Weller, Ken. “The London Transport Women Workers Strike 1918.” libcom.org. Last modified 19th December 2012, accessed 15th June 2016. Available at  https://libcom.org/history/london-transport-women-workers-strike-1918

Welsh, Dave. “The 90th anniversary of the Equal Pay strike on the London Underground.” Campaign Against Tube Privatisation- History. No date, accessed 15th June 2016. Available at  http://www.catp.info/CATP/History.html

Protest Stickers: Berlin

Paul de Gregorio has worked in fundraising since 1996; he is currently Head of Mobile at Open, a fundraising and communications agency. In his day job he finds ways to inspire the public to take action for some of the charities and not for profit organisations here in the UK and increasingly overseas. He blogs about it here. He’s also a fellow protest sticker-spotter, a habit he indulged on a recent trip to Berlin. In this post, Paul showcases some of the stickers he found, as well as reflecting on a museum exhibition he visited about antisemitic and racist stickers. He’s sometimes posts pictures of the stickers he finds on Instagram.


In my day job I help charities and non-profit organisations generate mass response to their campaigns and appeals.

In my spare time, down time between meetings and when I’m on holiday I spend an extraordinary amount of time taking pictures of political stickers on my mobile. I do it because I want to amplify some of the messages I see, but also because I find their designs a good source of inspiration for my day job.

Berlin is always a good place to find this stuff. On a recent trip I was lucky enough to be in town for the Sticky Messages exhibition at the Deutsches Historisches Museum. The exhibition, to give it its full name, “Sticky Messages. Antisemitic and racist stickers from 1880 to the present”, was a detailed look at the history of the political sticker in Germany over time.

The exhibition itself is great, and whilst at the exhibition I learnt all about Irmela Mensah-Schramm.  She is a 70 year old woman, well known in Germany for her personal commitment to the removal of neo-Nazi messages from public places. For the last 30 years Irmela has been scraping off and spray painting over all the neo-Nazi messages she finds. From time to time this has put her into conflict with local Nazis. But she continues to do it. Having removed over 70,000 stickers since she started, she’s now a hero of mine! You can hear more of her wonderful story in the film below.

You can also read more about her here.

And what follows are a tiny handful of the stickers I found on that trip…

2016-05-07 15.21.06

I saw this one on the day we arrived which coincided with a big anti-Nazi protest.

2016-05-07 17.36.29

This one reads “Shut you mouth, Germany!”

2016-05-08 15.21.44

I’ve seen this one all over Europe. And it’s easily found online which makes it so easily to replicate.

2016-05-09 14.13.402016-05-09 14.14.04

2016-05-09 14.20.34

The last three I found on Karl Marx Allee, usually a great place to find stickers. I love these three the most because they were plastered all over terrible advertising and I could tell by people watching that they were getting noticed.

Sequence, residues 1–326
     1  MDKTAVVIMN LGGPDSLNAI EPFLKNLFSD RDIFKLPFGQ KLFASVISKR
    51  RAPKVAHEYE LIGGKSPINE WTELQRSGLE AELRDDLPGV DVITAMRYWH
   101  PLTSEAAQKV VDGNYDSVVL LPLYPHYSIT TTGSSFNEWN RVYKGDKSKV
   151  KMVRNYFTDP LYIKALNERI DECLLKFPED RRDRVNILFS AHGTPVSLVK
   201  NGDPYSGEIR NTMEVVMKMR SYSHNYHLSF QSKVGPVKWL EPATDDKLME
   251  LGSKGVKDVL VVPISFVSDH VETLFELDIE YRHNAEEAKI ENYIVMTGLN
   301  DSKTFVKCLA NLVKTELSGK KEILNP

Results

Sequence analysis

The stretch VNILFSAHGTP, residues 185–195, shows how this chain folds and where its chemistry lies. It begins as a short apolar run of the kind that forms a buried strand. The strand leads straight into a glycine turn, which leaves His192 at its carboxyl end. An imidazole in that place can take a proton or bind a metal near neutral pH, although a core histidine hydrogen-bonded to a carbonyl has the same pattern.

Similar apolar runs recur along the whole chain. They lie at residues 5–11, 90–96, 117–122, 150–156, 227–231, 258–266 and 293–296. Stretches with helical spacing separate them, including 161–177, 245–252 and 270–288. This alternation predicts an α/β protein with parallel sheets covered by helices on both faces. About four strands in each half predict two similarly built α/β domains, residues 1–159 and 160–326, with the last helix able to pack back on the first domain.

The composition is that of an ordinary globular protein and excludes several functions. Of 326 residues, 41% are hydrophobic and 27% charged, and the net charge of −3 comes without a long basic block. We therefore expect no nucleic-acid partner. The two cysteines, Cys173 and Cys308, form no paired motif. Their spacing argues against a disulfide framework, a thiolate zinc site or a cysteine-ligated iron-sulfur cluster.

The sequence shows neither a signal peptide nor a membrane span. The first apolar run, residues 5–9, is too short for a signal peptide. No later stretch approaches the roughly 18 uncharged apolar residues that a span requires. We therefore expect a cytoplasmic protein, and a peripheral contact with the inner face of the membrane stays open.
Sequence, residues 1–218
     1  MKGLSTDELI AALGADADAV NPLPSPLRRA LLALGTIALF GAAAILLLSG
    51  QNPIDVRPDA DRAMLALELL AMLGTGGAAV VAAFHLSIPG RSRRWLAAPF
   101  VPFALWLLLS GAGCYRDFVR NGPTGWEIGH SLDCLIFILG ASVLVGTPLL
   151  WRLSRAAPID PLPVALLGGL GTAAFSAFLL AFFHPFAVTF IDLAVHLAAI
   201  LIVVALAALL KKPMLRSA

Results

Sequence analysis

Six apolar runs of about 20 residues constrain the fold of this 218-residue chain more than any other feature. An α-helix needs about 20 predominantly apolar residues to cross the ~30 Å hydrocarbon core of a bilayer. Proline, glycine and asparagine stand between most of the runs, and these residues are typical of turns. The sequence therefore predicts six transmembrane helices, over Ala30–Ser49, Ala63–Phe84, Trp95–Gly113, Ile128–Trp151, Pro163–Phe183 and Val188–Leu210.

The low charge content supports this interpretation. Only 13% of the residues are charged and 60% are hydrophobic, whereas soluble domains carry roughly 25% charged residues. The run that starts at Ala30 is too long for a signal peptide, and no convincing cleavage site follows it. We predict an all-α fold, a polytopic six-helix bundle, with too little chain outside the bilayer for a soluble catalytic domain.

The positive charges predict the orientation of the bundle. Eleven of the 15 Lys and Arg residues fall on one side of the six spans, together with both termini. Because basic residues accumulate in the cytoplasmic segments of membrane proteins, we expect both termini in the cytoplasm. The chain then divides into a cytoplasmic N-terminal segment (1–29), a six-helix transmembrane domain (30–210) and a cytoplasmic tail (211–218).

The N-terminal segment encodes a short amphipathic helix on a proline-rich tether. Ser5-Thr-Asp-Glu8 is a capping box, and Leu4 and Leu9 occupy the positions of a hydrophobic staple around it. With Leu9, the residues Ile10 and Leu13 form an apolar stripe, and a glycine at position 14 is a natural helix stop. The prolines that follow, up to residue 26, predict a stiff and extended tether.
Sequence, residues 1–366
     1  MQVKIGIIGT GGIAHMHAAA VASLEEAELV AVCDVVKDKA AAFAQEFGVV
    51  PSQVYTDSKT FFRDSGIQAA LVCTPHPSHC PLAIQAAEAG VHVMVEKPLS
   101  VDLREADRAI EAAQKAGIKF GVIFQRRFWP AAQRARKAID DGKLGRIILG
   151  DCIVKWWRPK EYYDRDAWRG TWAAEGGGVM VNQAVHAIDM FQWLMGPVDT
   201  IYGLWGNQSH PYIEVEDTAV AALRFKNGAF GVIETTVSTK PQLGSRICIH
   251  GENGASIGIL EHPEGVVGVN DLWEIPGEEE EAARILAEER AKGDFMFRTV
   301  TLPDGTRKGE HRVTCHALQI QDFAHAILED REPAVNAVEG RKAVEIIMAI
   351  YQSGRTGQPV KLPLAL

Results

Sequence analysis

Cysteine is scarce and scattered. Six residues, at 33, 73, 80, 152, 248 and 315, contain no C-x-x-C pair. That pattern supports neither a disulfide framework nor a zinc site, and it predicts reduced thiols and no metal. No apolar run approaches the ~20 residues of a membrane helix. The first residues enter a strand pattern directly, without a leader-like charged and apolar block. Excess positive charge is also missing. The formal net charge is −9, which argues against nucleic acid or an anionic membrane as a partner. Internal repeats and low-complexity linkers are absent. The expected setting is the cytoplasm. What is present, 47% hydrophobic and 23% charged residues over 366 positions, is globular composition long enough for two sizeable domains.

Paul de Gregorio

—————————–

All photographs are my copyright. You can use them, I’d just like you to ask and credit me.

You can find me on Twitter, Instagram & Flickr.

Turbulent Londoners: Elisabeth Jesser Reid, 1789-1866

Turbulent Londoners is a series of posts about radical individuals in London’s history who contributed to the city’s contentious past, with a particular focus of women, whose contribution to history is often overlooked. My definition of ‘Londoner’ is quite loose, anyone who has played a role in protest in the city can be included. Any suggestions for future Turbulent Londoners posts are very welcome. The twelth Turbulent Londoner is Elisabeth Jesser Reid. She was the founder of Bedford College, which is now part of Royal Holloway and Bedford New College, my university.


ElisabethJesserReidCropped528x352

Elisabeth Jesser Reid was a formidable woman (Source: Royal Holloway, University of London).

Elisabeth Jesser Reid was a social reformer, abolitionist, and advocate of women’s education. Known as single-minded and tactless, she used her relatively privileged status as an independent widow to further the causes she believed in. This included founding Bedford College, one of the first venues of higher education for women in Britain.

The second daughter of wealthy Unitarian ironmonger William Sturch and his wife Elisabeth, Elisabeth Jesser Sturch was born to a life of relative privilege on the 25th of December 1789. In 1821 she married John Reid, a physician. Dr. Reid owned land on the River Clyde in Glasgow, which became valuable as the port expanded. When John died only 13 months after their marriage, Elisabeth was left with a large, independent income. Historically, widows with an independent income have enjoyed more freedom than other women, being beyond the control of both father and husband. Elisabeth used her freedom to fight for the causes she supported.

Elisabeth was a social reformer. She used her money to support benevolent schemes set up by women, such as Harriet Martineau’s project to enable the poor in the Lake District to buy their own homes. She also sponsored the studies of pupils who couldn’t otherwise afford it. Another of Elisabeth’s passions was abolitionism. She attended the World Anti-Slavery Convention in London in 1840, where she met female American delegates who had not been permitted to speak, such as Lucretia Mott. She was a member of the Garrisonian London Emancipation Committee, the British branch of an anti-slavery group that held progressive views on gender and racial equality.